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B.C. aiming to have all First Nations communities immunized by end of March

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British Columbia has expanded who will be vaccinated against COVID-19 by the end of March to include all First Nations communities, provincial correctional facilities and community GPs.

The province aims to immunize around 550,000 people over the next three months. Priority populations include anyone who is deemed to be at higher risk of having severe health impacts from COVID-19.

The priority from now until February continues to be the 70,000 people who live or work in long-term care facilities as well as residents and staff in assisted living. Essential visitors for long-term care are also included.

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“We have said that from the very beginning, those are the people that we know need our protection most,” provincial health officer Dr. Bonnie Henry said Monday.

Another 400,000 are expected to receive a vaccine in February. Those include community members over the age of 80, general practitioners and other health-care workers. People experiencing homelessness as well as people in provincial correctional facilities, group homes, and mental health residential care are also on the list.

The province also plans to provide vaccinations for First Nations communities, including Indigenous elders and seniors over the age of 65, in February.

The province will administer the second dose of the vaccine approximately 35 days after the first dose in an effort to maximize the number of people in a priority population who will receive the initial shot.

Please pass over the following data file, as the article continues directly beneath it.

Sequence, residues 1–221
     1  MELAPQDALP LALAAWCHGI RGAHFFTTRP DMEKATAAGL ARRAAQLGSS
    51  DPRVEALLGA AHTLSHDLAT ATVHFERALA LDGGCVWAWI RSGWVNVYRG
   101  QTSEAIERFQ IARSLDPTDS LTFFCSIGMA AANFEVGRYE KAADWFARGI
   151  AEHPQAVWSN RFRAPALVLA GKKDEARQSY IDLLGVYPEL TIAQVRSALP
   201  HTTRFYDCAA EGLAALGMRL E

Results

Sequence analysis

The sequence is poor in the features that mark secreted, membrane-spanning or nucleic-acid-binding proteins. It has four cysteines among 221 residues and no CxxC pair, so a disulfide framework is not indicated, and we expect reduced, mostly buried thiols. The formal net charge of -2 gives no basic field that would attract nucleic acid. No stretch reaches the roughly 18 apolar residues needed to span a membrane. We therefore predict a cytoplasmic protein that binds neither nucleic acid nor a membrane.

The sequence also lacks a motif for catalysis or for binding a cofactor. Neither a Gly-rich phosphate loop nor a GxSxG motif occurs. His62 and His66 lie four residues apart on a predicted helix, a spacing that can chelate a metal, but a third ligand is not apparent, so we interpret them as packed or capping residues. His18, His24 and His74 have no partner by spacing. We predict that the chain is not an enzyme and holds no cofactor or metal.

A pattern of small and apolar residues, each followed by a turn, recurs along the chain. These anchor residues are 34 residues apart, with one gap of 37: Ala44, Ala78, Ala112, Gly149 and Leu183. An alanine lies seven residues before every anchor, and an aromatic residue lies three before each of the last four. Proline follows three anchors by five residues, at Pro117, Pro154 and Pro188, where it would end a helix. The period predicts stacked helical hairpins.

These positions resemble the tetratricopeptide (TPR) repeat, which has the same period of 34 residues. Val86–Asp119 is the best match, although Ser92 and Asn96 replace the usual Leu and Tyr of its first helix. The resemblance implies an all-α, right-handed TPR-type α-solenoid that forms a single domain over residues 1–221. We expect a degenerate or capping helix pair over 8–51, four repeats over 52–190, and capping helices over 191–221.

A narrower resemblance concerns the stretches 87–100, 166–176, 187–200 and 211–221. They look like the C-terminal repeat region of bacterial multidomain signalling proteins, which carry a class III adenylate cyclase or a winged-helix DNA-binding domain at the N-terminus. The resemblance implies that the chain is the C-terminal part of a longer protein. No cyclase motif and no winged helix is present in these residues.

The province has removed details from its website on who will receive the vaccination once the priority groups are completed.

Read more: Canada’s ‘slow’ rollout of coronavirus vaccine ’embarrassing’: experts

This next group originally included those 80 years old and younger as well as front-line essential workers including teachers, paramedics, police officers and grocery store workers.

The plan now is to provide details on the timing of those immunizations as well as mass vaccinations for the general public in mid-to-late January.

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“Contingent on supply, our plan is to begin our mass vaccination strategy based on age and then descending in five-year cohorts after our 80-plus priority population is completed,” Henry said.

“We are working on how do we do that to make sure that it’s accessible and fair for people around the province.”

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So far, the province has immunized 25,744 people with the Pfizer vaccine and 1,604 people with the Moderna vaccine.

The province will have to dramatically increase the speed with which people are being immunized in order to hit the stated targets for immunizations.

Henry said the province has only been receiving the vaccine in small amounts over the last two and a half weeks and the volume will continue to increase.

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Distribution has also been slowed down by targeting rural and remote Indigenous communities for the first batches of the Moderna vaccine.

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“It’s very challenging when we are talking about small communities. You may take days to get into a community and to immunize hundreds of people, but that protects that entire community. So it’s rough numbers,” Henry said.

“We are scaling up to meet the vaccine that we have now, and then we need to expand from there as soon as we have more vaccine available that’s able to be transported, and we are looking to our colleagues in primary care, the pharmacists who work with us, immunizers around the province.”